Regional Sports Networks Join the HD Party
NBC Universal was thinking globally when it said last month that all 3,600 hours of the Beijing Olympics to be aired by its networks would be in high definition. Now, many U.S. regional networks are acting locally by taking a similar approach.
As U.S. consumers prepare for February’s switchover to digital broadcasts by ramping up HDTV sales, News Corp.’s FSN Networks, Cablevision’s MSG Network and Comcast SportsNet are among regional sports network groups that are responding by boosting their HD programming.
FSN, whose 16 regional networks have increased their annual HD broadcasts to more than 1,700 games this year from about 200 games five years ago, will start all-day HD broadcasts next year, facilitated by a new, 182,000-square-foot operations facility in Houston. The facility will allow FSN to broadcast as many as 40 HD games a night, up from the network’s limit of about a dozen now, FSN spokesman Chris Bellitti said.
Meanwhile, Comcast SportsNet said in April that the number of its HD baseball broadcasts would jump 61% from 2007, with all of the New York Mets, Chicago Cubs and Chicago White Sox games airing in HD. Overall, about two-thirds of this season’s 4,400 Major League Baseball game telecasts will be broadcast in HD, up from about 40% in 2007.
Now the trend is going beyond the big three sports of baseball, basketball and football. MSG, whose 1998 HD broadcasts of New York Knicks basketball games preceded by five years the first HD broadcasts by both FSN and Walt Disney’s ESPN, will televise more than 350 live events in HD within the next 12 months. Included in the upgraded broadcasts are the WNBA’s New York Liberty and the National Hockey League’s Buffalo Sabres, as well as about 2,000 hours of original programming.
“You have to keep pace with the technology changes,” said Mike Bair, president of MSG Media, who estimated about half of the 10 million East Coast customers who get MSG have access to HD programming. “You want to put your brand in the best possible light.”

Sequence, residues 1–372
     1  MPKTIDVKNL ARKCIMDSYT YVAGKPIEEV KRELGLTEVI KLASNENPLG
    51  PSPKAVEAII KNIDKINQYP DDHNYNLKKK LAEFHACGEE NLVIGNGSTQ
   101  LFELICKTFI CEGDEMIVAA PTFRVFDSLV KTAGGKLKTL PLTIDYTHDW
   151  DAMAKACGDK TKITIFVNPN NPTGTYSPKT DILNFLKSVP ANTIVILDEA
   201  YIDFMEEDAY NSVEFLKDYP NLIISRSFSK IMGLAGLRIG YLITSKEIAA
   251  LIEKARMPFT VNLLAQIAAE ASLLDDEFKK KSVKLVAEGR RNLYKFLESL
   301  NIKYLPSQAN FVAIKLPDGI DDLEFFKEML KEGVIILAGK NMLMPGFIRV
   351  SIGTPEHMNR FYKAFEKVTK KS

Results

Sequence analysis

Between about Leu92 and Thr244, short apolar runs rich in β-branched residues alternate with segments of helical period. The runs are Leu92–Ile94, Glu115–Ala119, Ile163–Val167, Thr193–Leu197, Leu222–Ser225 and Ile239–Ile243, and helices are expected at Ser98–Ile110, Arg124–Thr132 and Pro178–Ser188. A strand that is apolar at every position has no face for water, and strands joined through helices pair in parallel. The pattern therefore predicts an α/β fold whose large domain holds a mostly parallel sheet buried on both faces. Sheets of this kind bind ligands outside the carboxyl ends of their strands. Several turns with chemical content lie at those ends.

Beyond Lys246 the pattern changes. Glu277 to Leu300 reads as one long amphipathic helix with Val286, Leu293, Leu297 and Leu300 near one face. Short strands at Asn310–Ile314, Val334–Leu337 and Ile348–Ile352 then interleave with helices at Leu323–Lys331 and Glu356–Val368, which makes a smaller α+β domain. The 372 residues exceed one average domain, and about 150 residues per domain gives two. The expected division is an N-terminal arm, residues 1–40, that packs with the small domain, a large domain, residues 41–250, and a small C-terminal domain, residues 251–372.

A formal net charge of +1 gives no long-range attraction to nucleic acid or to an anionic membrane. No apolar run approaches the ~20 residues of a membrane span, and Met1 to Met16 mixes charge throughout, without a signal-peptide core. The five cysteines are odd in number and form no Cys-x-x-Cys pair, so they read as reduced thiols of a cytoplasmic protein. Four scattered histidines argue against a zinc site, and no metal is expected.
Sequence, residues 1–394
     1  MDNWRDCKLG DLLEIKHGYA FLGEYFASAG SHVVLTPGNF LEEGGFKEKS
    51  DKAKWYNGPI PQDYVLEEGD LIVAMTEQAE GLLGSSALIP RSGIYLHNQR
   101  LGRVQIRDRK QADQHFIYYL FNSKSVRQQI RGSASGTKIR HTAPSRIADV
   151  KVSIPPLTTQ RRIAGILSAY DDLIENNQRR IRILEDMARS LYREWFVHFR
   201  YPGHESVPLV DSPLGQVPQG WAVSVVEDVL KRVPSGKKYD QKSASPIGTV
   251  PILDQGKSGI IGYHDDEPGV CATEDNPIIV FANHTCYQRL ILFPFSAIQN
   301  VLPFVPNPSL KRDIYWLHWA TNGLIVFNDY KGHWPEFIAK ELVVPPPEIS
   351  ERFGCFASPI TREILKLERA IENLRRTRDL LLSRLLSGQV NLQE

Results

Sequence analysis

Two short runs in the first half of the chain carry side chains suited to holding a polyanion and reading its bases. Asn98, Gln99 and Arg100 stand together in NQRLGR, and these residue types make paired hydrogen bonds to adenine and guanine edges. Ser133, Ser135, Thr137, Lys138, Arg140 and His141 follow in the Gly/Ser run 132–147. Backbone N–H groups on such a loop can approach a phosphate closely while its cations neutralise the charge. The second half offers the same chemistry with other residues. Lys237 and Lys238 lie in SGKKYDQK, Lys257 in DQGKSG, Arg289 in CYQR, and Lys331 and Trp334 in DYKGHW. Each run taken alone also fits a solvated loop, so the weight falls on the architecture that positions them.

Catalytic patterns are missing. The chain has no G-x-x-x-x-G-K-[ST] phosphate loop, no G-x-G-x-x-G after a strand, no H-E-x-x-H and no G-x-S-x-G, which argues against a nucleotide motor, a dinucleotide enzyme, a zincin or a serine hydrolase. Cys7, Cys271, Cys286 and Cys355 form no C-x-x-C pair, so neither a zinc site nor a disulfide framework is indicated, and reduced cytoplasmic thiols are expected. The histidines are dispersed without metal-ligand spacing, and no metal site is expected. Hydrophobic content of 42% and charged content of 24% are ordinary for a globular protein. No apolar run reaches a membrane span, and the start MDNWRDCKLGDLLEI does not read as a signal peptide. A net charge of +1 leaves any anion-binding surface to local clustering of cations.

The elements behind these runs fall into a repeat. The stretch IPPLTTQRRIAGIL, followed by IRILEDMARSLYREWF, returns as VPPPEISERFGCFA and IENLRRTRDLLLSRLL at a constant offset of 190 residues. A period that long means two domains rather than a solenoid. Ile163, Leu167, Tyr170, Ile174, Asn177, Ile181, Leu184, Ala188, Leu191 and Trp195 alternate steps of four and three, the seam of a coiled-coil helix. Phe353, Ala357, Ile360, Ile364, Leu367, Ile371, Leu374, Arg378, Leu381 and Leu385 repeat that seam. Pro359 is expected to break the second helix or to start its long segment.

Spurred by the looming digital transition and falling costs, North American second-quarter shipments of liquid-crystal display television sets—almost all of which are HDTVs—jumped 52% from a year earlier and accounted for 80% of the total shipments, making HDTVs more the norm among U.S. customers, and especially among sports fans. MSG said its subscribers are 41% more likely to own HDTVs than the general public.
With that kind of consumer adoption, and with free networks such as General Electric’s NBC and Fox going all HD for national sports broadcasts, regional networks either must boost their HD offerings or run the risk of appearing to fall behind by airing professional sports events in standard definition.
For News Corp., FSN’s expansion plan for HD is a chance to invest in networks that are part of a cable-network division that helped feed a 27% jump in net income for the parent company in the most recently completed quarter.
While Mr. Bellitti says it’s too early to gauge HD broadcasts’ effect on advertisers who would need to spend more to create spots for high definition, he believes subscribers have already responded by watching more games.
“Sports has been a key driver of HD for several years now,” Mr. Bellitti said. “The anecdotal evidence is that once sports fans see a telecast in HD, there’s no going back.”
“Sports viewers tend to have higher penetration of HD homes than non-sports fans,” said Mr. Bair. “When we go to advertisers, we can tell them our audience is more technologically sophisticated.”